Acceleration
Forces and Motion

A range of constrained speeds

Teaching Guidance for 14-16 Supporting Physics Teaching

A range of speeds and constraints

The speed of travel is often constrained by the physical environment of the object. The constraint may be technological, material, or even more fundamental. It's a good idea to have a number of these to hand, and perhaps to base some discussion around which category the example falls into, and whether anything we can do might change the speed.

Teacher: Work on the first Thames 1200-foot tunnel took 16 years and two months, an average rate of progress (allowing for the seven-year lay-off) of only 4 inches a day. This was a good measure of how sorely the project tested the technology of the day.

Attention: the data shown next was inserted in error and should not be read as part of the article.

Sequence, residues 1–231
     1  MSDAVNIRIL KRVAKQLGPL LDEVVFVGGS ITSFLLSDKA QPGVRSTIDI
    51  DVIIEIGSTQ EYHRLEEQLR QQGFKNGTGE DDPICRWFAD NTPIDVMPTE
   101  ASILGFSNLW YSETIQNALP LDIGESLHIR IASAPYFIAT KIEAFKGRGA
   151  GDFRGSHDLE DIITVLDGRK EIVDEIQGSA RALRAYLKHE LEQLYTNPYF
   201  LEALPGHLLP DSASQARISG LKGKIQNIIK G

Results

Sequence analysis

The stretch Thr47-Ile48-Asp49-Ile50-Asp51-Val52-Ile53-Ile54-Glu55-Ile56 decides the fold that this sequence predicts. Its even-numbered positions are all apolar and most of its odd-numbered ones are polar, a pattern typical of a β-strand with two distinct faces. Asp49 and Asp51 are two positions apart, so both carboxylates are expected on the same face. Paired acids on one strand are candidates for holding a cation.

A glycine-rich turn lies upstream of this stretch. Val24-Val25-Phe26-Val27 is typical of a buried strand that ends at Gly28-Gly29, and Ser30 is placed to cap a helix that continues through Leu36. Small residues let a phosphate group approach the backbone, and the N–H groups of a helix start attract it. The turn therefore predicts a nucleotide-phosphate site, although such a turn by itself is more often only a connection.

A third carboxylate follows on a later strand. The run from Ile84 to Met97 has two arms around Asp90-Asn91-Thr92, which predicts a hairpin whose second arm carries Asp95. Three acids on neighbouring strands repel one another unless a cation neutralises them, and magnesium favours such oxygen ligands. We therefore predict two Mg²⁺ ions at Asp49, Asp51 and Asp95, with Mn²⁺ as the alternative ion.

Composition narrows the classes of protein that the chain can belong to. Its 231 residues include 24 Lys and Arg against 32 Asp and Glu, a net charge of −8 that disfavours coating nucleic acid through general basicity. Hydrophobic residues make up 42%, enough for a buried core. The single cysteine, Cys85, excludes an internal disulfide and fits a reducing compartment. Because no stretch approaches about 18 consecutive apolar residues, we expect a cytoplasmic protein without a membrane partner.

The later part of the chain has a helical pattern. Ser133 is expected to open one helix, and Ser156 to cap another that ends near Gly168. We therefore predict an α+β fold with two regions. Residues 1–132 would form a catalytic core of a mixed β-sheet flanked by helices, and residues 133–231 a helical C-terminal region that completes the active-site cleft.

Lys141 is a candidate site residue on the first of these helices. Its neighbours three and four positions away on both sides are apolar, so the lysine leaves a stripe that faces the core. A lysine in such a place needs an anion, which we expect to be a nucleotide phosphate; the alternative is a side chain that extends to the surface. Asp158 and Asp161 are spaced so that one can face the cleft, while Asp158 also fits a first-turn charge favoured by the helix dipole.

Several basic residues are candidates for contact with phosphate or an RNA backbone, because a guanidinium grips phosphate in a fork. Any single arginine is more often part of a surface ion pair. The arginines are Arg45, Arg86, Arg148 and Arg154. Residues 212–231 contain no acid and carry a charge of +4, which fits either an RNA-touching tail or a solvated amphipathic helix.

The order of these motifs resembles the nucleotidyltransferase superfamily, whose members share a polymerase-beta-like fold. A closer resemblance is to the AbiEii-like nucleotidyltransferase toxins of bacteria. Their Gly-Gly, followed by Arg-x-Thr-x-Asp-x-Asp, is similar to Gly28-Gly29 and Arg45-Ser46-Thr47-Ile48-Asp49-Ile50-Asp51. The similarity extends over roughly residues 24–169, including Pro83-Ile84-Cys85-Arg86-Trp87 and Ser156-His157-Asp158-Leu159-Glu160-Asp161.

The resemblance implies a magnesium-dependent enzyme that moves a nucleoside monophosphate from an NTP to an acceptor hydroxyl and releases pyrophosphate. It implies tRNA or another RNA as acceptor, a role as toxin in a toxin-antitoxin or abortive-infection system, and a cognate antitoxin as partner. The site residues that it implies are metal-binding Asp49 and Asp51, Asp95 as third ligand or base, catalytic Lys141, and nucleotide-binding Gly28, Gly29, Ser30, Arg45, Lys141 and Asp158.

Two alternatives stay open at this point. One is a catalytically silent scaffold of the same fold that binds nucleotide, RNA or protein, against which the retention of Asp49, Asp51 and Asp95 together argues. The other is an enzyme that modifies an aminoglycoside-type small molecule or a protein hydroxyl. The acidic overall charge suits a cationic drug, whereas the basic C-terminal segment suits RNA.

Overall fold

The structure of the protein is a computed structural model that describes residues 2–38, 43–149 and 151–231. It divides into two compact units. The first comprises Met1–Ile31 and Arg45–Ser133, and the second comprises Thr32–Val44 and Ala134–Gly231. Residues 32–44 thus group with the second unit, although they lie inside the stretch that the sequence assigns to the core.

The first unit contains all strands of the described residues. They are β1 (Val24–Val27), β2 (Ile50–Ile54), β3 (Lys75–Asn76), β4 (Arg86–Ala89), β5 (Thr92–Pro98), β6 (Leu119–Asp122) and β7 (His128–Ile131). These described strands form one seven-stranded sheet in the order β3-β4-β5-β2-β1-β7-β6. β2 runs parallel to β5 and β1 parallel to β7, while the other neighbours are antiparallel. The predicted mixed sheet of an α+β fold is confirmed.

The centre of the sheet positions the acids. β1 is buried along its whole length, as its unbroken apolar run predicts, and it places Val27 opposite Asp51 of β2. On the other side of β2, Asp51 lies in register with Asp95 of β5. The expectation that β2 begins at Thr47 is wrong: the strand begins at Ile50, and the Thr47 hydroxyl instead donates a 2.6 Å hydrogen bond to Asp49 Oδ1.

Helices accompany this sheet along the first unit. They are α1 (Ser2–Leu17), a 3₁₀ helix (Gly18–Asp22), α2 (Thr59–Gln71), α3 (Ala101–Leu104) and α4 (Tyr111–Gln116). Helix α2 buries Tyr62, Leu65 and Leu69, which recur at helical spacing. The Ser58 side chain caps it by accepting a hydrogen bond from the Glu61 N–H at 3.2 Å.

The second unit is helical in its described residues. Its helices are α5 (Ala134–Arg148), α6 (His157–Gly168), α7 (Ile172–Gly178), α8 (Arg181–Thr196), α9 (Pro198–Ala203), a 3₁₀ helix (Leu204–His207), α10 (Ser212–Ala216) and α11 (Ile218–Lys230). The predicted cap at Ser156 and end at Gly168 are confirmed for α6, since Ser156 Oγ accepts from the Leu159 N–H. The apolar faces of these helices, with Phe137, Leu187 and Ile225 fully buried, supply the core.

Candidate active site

Teacher: Row a boat through water, and the waterline length of the boat will set your top speed. A longer rowing boat will always beat a shorter rowing boat in a race.

Teacher: There is an ultimate speed limit: nothing can exceed that speed. So the very structure of the universe itself seems to provide a kind of constraint. This speed also happens to be the speed of light in a vacuum. That makes light (and other electromagnetic radiations) rather special.

Acceleration
appears in the relation F=ma a=dv/dt a=-(w^2)x
is used in analyses relating to Terminal Velocity
can be represented by Motion Graphs
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